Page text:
To connect the RS-485 adapter to the motor you need a two wire cable (phone cord is fine) and then you connect the A and B terminals on the motor to the A and B terminals on the adapter. Here are a couple of photos showing those connections. You only need to hook up the A and B connections on the motor. The picture shows other wires connected on my motor as I also have the digital inputs hooked up, those are not necessary for re-configuring the motor. CAUTION: Before starting make sure you press Stop on the control panel to stop the motor. Then make sure the motor is powered off at the AC breaker for at least a minute before opening the wiring compartment!
Vgreen_RS485.jpg

Rs485_adapter.jpg

After hooking up the two wires set the red DIP switches in the motor compartment as follows: Switch 1 through 4 - off, Switch 5 - on. Here's some more info on the switch settings from a Jandy pump manual that uses this same motor.

Motor_Switch_Settings.JPG


After you connect up the RS-485 adapter you need to run the terminal program. When you plug the adapter's USB port into the computer Windows should automatically install the driver for it, this may take a few minutes. After the driver installs the adapter should show up as a USB serial port in the Windows "Device Manager" screen in the Control Panel. Note the COM port number assigned to the USB adapter.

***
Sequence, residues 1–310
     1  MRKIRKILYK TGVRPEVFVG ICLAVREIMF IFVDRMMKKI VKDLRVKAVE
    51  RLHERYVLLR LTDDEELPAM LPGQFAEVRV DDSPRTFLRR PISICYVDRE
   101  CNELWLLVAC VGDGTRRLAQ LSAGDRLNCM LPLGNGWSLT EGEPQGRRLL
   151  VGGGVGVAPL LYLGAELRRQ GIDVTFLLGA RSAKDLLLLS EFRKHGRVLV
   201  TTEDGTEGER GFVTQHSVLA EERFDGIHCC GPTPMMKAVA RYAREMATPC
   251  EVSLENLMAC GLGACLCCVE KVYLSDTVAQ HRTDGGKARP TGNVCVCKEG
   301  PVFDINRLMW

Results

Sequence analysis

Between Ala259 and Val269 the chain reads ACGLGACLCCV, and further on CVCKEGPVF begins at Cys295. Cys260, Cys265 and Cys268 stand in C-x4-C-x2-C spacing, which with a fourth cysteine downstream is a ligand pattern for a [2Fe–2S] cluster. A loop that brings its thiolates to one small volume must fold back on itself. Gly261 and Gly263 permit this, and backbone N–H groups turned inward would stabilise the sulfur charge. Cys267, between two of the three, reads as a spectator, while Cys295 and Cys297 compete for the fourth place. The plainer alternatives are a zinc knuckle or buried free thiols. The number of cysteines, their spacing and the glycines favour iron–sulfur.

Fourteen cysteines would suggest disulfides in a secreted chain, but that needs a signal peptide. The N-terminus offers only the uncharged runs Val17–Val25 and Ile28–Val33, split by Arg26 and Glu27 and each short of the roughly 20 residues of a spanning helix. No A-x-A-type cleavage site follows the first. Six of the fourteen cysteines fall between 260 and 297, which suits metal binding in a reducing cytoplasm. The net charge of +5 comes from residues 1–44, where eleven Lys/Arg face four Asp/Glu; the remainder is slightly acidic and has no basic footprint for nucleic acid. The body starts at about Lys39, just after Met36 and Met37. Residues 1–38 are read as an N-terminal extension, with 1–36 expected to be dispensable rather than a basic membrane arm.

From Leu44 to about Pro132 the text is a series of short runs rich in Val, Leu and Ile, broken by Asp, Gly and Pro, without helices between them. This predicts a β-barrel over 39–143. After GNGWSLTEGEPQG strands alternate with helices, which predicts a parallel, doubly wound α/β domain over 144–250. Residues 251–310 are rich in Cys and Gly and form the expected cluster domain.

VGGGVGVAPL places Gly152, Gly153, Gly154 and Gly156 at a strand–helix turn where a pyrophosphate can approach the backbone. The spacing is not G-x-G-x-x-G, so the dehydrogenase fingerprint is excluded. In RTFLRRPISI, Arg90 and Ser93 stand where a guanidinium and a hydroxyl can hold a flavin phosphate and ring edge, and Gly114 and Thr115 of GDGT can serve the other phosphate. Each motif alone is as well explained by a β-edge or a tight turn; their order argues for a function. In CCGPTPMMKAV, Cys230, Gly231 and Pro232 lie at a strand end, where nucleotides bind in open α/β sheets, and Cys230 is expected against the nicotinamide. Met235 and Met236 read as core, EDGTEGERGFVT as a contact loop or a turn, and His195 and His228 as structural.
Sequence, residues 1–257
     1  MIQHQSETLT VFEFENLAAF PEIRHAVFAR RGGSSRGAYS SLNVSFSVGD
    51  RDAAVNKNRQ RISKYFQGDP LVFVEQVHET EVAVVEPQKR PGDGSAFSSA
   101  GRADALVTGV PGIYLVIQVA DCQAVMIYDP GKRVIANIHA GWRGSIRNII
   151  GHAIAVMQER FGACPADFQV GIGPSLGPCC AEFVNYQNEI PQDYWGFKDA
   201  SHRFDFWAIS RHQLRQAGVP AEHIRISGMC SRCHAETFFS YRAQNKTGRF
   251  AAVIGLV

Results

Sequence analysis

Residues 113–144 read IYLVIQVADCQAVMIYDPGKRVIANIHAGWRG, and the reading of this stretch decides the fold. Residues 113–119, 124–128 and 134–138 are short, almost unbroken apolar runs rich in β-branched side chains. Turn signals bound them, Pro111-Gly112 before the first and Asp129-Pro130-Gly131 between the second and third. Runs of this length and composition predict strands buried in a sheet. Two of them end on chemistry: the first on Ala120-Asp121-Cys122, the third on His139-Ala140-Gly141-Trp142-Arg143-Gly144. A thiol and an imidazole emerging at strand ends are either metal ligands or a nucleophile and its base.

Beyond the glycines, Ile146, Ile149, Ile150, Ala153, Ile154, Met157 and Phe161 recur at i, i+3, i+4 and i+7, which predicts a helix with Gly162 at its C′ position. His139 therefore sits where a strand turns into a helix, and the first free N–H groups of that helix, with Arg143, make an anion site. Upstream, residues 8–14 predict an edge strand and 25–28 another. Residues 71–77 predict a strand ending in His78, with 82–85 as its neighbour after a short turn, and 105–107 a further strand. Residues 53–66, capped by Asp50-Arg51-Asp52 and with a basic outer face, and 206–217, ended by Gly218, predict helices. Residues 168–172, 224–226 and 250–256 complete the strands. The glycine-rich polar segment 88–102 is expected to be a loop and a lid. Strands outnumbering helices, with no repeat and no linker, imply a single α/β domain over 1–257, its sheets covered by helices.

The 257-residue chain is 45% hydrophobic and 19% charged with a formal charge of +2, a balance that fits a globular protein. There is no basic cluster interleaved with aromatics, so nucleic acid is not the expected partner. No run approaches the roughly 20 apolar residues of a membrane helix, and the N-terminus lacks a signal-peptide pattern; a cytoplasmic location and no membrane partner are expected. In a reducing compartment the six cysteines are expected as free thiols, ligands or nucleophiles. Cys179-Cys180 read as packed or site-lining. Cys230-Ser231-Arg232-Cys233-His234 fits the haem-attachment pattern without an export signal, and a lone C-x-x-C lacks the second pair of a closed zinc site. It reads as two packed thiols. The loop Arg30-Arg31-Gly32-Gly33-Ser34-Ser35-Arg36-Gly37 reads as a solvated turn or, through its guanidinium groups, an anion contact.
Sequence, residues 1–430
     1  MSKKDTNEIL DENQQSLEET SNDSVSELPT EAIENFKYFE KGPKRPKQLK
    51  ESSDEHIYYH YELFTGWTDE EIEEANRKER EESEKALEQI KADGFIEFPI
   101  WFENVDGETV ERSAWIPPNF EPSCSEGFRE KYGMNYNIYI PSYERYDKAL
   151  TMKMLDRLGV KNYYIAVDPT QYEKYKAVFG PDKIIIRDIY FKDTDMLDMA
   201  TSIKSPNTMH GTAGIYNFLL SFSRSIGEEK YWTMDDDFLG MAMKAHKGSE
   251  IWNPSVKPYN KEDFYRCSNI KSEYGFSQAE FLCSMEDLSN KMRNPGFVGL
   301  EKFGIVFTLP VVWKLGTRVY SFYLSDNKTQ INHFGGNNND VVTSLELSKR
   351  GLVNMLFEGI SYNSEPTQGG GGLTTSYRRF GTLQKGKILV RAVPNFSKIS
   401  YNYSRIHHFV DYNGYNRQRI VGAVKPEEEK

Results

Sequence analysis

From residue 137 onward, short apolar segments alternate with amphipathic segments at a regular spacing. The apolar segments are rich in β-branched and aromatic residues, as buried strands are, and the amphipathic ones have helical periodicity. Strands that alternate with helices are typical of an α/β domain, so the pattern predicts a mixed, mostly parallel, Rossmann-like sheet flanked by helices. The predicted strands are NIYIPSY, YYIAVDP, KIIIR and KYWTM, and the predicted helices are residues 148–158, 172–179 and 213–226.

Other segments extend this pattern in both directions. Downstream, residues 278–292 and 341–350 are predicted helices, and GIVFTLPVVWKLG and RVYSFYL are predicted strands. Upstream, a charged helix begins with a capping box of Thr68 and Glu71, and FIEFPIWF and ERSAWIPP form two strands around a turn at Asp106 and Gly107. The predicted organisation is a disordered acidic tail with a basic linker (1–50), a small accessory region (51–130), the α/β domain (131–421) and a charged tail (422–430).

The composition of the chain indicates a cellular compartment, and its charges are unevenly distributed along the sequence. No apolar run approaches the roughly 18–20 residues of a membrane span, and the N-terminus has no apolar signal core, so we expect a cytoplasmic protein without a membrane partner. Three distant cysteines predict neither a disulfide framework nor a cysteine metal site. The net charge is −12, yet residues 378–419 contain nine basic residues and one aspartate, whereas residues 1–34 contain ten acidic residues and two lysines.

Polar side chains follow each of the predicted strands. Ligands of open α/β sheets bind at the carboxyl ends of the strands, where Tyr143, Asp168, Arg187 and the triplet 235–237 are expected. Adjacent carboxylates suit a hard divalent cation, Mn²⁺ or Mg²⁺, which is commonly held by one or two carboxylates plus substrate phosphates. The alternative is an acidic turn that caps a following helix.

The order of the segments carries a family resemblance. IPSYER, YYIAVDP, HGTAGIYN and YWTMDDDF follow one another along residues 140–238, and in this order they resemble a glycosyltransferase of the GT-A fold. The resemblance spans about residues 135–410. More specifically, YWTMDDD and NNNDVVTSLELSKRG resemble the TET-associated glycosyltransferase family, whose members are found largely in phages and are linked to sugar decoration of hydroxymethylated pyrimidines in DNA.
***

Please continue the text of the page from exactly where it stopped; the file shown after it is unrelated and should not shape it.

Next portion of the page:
The terminal program is a simple one file executable so you can place it anywhere and click on it to run it. Once it runs you will see a screen that looks like this:
Terminal_window_w_Macro.JPG
The terminal window is on the left and by clicking the "Set Macros" button on the lower left the Macro screen on the right will open up. At this point you will have blank macros. I have attached a file containing the macro's shown named "regal_macro.tmf.txt" to this post. This is just a text file despite the funny file extension. In order to attach this file I had to add the .txt extension to the file. The terminal program will look for macro files with the .tmf extension so you will want to rename this file and remove the .txt from the end when you copy this file to the directory where your terminal program is. If you copy this file to the same location as the terminal program you can click the "Load" button on the Macro listing, select the filename and then your macro screen should look like the one above.

To connect the Terminal program to the RS-485 adapter select the correct COM port number (in the top left) and then click the Connect button.

Now you can turn the AC power back on to the motor. The motor should be stopped, if it isn't press "Stop" on the control panel.

Before going further I should explain what all the funny characters in each Macro mean. These are all the digital commands to control the motor over the RS-485 interface. If you want to delve into the nitty gritty you can read the Modbus Protocol document. All the Macros that start with $15 ... are native Modbus commands. The Macros that start with $10$02 are commands in the Jandy Protocol format.

Here's what each Macro does:
M1 - Read the motor status
M2 - Read the value of the configuration variable on page 10, address 0x05
M3- Write the value of 1 to the configuration variable on page 10, address 0x05
M4 - Save the configuration values to Flash Memory (This makes the change persistent through power cycling)
M5 - Set the motor speed (aka Demand) to run at 2500 RPM in Jandy Protocol.
M6 - Send the "go" command to start the motor in the Jandy Protocol.